For Messiah has entered … into heaven itself, now to appear in the presence of God on our behalf.
Each year in the Fall Leviticus teaches about a day of fasting and repentance called: ‘Yom HaKippurim’ or, ‘The Day of Atonements’ (Leviticus 23:26-32).. This day is usually observed by the Jewish people but not by the Christians. On that day in Israel, the whole country stands still. It’s a day of fasting, rest and prayers. All shops are closed and the only traffic allowed is emergency vehicles. Fall in Israel has the most comfortable weather and it is common on the evening of Yom Kippur for people to stroll down for a walk with their children in the middle of the empty highways and streets.
The first ordinances of Yom Kippur are given us in chapter sixteen, within the context of ritual purity and on the heels of the incident with Nadab and Abihu. This tells us that Yom Kippur is about purity and atonement in order to approach the Almighty in the Tabernacle or later on, the Temple.
Since neither the Tabernacle nor the Temple is present today, one may legitimately ask, ‘What does this have to do with me today?’ Also, the fact that Yeshua is presented as our once for all atonement offering, we may feel that like this ceremony in at this time obsolete.
These are legitimate questions, but they may deserve a little more studying. First, the festivals of Leviticus twenty-three were never identified as the ‘Feasts of the Jews’ as is often done in the Gospels, but rather as the ‘Feasts of the Lord’ (Leviticus 23:2, 44). A Jew is technically a descendant of Judah the son of Jacob, so the term ‘Feast of the Jews’ only relates to the fact that these were celebrated in Jerusalem of Judea. All the inhabitants of Israel had to go or send representatives to Jerusalem for these Feasts, and they have been ordained as a perpetual ordinance for those who follow the God of Israel.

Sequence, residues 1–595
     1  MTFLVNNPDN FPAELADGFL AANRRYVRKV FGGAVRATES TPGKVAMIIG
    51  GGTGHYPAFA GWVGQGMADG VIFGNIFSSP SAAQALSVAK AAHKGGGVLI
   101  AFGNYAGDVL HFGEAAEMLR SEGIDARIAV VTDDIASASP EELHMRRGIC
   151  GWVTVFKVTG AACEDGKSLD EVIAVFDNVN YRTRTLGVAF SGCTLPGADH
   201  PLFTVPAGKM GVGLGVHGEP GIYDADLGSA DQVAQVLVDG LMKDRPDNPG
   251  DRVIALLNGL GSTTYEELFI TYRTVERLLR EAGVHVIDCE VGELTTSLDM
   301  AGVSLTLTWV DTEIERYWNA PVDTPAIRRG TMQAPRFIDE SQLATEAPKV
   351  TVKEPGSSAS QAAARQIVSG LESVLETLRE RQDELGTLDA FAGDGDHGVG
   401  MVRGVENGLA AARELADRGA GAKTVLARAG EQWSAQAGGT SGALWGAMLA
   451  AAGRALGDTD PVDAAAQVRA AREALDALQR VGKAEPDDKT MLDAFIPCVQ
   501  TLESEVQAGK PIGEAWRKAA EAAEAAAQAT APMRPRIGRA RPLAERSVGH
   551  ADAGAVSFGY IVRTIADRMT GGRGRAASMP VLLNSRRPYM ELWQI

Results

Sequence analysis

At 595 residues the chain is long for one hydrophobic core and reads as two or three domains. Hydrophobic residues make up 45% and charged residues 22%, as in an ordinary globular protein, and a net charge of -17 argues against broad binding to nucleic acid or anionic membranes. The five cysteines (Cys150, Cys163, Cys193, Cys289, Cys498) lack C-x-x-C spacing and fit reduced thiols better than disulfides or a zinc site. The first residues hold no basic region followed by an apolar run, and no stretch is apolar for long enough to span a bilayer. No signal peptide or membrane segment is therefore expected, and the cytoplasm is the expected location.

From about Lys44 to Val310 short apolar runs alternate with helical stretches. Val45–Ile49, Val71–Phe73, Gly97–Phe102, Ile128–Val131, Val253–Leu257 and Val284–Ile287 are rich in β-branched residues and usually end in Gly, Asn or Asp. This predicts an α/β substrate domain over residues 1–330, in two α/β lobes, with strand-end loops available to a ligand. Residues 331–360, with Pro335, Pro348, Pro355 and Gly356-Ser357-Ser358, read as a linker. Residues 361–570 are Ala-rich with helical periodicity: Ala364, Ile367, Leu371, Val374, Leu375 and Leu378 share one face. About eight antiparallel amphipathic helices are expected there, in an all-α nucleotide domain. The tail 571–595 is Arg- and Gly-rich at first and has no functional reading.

Ritual purity relates to the fact that we are human, so as long as we are in this physical biological state, we are still impure. The fact that Yeshua died to redeem us from that impurity and even to take our sins upon Him does not negate the fact that we are still today in this dimension of sin and impurity. While we are declared sinless and pure before God through the atonement/covering of Yeshua, our actual experience of reality is one marred with imperfection. To say otherwise is to be oblivious to reality. Also to question the remembrance of the facts that brought us back into relationship with the Father is like a husband asking, ‘If I married her, it seems obvious that I love her; why does she need to hear it again … and again?” Or “Why do we have to bother with anniversaries?”
Paul himself mentions about this Yom Kippur fast (Acts 27:9), and he was known for observing the Festivals (Acts 24:14). Again people may have to reconsider what they we have been taught about the relationship of Yeshua’s believers with the Hebrew Scriptures.